Betty Boop Throughout History
The journey of the first sex symbol in cartoon history. Sounds…interesting. But also weird, right? It’s complicated. Betty Boop was created by Max Fleischer and drawn by Grim Natwick in the early 1930s for an animated short entitled “Dizzy Dishes.” She was a nightclub singer, and an object of the attentions of lustful men (yep, it sure was the 1930s). Audiences loved her, and Paramount Studios took notice of the people clamoring for more cartoons “with that girl in them.”
Betty Boop was one of the most successful cartoon characters of the early 1930s. Even as the Great Depression cast the nation into decidedly unsexy times, Betty’s image could be seen on everything from playing cards to nail polish to cigarette cases. Her appeal was real, even if she was…well, a cartoon.
In 1934’s Poor Cinderella, Betty appeared in color for the first time, as a redhead:
That same year, the Hayes office (Hollywood’s official censor) introduced a new production code imposing rigid standards on sexual suggestion in film. Betty’s backless dress was replaced with a much longer dress with sleeves and a collar; her garter belt was never seen again. Betty was now portrayed as a schoolteacher, secretary, and babysitter…not so much as a nightclub singer. In 1939, Fleischer Studios released the swan song of the original Betty Boop series: “Yip Yip Yippy.”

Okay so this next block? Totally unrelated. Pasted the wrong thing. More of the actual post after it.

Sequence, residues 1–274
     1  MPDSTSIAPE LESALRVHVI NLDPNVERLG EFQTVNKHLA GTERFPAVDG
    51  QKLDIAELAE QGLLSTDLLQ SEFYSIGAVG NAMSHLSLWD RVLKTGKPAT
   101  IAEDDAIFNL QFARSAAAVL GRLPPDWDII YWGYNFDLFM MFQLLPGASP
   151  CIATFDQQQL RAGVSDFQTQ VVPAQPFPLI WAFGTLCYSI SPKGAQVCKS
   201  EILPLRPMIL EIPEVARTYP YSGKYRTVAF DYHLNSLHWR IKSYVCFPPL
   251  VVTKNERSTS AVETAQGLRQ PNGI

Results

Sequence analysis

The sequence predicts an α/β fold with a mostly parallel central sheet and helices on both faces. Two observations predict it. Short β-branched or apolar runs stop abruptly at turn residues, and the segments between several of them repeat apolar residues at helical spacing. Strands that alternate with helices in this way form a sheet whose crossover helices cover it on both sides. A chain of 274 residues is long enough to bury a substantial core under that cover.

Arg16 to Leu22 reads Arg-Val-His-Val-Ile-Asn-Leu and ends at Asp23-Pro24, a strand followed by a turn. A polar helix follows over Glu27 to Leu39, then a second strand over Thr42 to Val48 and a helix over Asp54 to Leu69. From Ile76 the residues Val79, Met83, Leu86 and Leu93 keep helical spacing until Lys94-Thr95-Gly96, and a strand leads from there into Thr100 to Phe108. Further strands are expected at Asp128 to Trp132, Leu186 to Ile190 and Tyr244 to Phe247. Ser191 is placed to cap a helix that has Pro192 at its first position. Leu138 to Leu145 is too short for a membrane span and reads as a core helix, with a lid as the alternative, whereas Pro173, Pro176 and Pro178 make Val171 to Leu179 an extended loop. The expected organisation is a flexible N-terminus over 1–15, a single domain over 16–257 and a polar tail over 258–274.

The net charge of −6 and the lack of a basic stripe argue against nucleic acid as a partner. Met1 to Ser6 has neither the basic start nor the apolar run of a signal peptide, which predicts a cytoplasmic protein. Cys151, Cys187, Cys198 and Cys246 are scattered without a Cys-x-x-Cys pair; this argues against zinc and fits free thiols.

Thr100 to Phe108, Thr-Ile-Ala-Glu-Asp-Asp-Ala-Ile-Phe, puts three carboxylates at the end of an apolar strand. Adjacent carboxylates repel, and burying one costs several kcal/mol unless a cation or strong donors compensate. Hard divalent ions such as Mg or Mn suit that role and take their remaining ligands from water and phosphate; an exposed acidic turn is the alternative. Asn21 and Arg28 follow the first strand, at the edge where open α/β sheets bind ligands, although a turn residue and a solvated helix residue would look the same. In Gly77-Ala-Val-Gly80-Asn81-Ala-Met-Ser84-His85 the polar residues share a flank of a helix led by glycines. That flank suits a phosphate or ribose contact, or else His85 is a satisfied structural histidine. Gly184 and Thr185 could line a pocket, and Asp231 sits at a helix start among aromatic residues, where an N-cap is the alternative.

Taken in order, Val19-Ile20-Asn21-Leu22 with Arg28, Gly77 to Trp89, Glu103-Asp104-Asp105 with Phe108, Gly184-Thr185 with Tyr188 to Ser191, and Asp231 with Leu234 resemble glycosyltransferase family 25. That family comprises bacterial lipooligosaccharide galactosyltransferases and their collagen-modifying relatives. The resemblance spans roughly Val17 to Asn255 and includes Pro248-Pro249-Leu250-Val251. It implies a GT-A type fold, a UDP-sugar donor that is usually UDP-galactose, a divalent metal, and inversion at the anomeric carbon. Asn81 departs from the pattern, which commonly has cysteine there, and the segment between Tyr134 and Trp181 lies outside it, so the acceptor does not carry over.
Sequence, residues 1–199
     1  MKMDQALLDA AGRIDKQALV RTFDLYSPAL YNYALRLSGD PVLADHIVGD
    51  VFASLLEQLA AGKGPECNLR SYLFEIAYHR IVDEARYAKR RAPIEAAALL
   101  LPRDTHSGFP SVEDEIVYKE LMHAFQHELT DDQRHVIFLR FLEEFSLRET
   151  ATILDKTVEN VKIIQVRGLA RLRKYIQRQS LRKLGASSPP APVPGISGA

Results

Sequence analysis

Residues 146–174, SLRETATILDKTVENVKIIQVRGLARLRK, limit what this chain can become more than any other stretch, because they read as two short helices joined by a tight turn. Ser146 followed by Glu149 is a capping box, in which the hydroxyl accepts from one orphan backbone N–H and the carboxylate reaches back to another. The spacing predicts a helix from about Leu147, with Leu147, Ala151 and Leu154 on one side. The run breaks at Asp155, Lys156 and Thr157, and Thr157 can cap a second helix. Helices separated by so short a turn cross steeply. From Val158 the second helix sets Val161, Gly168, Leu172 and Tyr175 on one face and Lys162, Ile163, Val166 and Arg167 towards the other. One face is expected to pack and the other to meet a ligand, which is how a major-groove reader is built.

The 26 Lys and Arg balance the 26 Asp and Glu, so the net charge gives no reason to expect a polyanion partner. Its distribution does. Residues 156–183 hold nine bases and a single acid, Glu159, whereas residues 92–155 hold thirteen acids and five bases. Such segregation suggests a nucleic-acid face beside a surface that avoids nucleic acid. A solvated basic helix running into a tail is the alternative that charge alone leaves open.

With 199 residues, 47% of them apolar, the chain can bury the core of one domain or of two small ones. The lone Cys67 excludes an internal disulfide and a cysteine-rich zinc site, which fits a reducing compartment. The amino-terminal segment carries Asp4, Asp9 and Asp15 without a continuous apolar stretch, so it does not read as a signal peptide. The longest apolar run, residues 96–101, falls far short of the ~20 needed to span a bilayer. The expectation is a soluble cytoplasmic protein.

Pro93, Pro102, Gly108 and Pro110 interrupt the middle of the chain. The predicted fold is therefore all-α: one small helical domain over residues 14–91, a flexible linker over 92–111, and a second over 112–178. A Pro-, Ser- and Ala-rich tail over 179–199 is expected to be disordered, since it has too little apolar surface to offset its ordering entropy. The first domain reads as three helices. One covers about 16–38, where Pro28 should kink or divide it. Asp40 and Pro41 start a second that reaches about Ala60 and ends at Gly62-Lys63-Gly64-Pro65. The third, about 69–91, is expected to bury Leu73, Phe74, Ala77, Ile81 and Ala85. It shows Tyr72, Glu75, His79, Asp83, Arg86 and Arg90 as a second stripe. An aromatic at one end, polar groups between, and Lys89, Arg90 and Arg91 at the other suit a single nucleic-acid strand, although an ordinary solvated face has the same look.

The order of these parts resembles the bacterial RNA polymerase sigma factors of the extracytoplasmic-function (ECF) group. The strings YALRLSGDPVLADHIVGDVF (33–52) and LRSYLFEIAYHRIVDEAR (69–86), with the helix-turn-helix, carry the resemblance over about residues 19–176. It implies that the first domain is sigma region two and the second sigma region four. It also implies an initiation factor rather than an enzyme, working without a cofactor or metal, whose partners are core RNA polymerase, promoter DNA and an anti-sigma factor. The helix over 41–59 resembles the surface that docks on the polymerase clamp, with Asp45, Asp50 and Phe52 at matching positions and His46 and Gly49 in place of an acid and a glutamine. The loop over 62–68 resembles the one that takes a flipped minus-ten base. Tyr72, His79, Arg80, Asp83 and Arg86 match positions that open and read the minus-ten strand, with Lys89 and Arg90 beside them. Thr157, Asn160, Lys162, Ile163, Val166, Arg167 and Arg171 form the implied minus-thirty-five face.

But in the 1980s, Betty Boop returned (nostalgia was big back then). Check out “The Romance of Betty Boop” from 1985 — the full-length cartoon was set during the Great Depression, and even featured a Cab Calloway song as a throwback to the originals.
And of course, in 1988’s Who Framed Roger Rabbit, Betty makes a cameo in a sultry scene that we have to assume is the most meta homage to the sexualization of cartoons in film history.
So much for the Hayes office’s pearl-clutching censorship. So what does the legacy of Betty Boop mean today? Well, for one thing, it means we have a rich, complicated, and very Woolly cultural framework to ponder with our next show, Collective Rage: A Play in Five Boops.
We hope you’ll join us. Boop boop a doop.